Bloomberg News

New Zealand’s Rating Reduced by Fitch on High Debt Level

September 29, 2011

(Add Fitch comments starting in the second paragraph.)

Sept. 29 (Bloomberg) -- New Zealand’s credit rating was cut one step to AA by Fitch Ratings, which cited the southern Pacific nation’s high level of debt and persistent current account deficit.

The outlook is stable after the rating was reduced from AA+, Fitch said today in a statement. Yields on 10-year notes rose two basis points, or 0.02 percentage point, to 4.31 percent. New Zealand’s dollar erased an earlier gain versus its U.S. counterpart, slumping 1.3 percent to 76.70 U.S. cents.

The country’s 83 percent net debt to gross-domestic-product ratio in U.S. dollar terms at the end of last year compares with 10 percent for the median of AA rated nations, Fitch said. The current account deficit, or the amount of imports that exceed exports, is likely to widen to 4.9 percent in 2012 and to 5.5 percent the next year, the firm said.

“New Zealand’s high level of net external debt is an outlier among rated peers -- a key vulnerability that is likely to persist as the current account deficit is projected to widen again,” Andrew Colquhoun, head of Asia-Pacific sovereigns at Fitch, said in the statement. The country “remains well placed among the world’s highly-rated sovereign credits.”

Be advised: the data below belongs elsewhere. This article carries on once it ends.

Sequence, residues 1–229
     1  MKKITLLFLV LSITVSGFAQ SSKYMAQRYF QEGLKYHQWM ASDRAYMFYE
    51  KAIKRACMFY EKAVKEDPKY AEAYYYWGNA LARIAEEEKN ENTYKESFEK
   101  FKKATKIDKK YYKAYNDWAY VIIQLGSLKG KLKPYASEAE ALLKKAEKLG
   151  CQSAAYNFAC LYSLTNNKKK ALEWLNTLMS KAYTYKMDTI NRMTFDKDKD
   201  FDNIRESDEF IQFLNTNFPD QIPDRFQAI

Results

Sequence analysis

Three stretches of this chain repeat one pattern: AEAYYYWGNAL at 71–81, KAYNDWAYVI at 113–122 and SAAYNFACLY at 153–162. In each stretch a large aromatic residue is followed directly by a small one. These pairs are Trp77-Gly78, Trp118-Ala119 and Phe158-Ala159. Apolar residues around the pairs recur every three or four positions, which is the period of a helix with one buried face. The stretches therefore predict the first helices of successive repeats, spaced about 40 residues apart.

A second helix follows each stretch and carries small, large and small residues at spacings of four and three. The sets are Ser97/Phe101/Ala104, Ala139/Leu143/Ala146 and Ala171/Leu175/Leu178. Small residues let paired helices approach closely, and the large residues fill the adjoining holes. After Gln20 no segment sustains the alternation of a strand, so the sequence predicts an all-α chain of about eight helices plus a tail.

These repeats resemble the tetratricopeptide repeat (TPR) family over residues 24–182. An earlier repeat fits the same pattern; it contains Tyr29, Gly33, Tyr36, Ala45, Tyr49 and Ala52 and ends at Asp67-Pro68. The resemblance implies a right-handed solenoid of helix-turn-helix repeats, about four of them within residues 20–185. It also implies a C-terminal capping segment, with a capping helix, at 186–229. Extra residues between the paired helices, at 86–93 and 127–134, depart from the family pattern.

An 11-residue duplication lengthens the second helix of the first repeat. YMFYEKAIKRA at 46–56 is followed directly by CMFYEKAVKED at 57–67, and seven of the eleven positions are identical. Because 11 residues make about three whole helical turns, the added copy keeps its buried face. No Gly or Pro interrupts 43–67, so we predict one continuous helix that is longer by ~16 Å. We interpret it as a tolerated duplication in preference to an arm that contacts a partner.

New Zealand’s ranking was cut from AA+ in part because its domestic savings to investment ratio is unlikely to narrow, which is needed to reduce its current account deficit, Fitch said. The country’s 150 percent household indebtedness relative to disposable income compares with 157 percent in Australia 116 percent in the U.S.

The nation’s 0.7 percent five-year average growth in gross domestic product “compares unfavorably” with that of 1.1 percent for AA rated nations and 1.4 percent for those ranked AAA, Fitch said.

--Editors: Dave Liedtka, Paul Cox

To contact the reporter on this story: John Detrixhe in New York at

To contact the editor responsible for this story: Dave Liedtka at

The Good Business Issue
blog comments powered by Disqus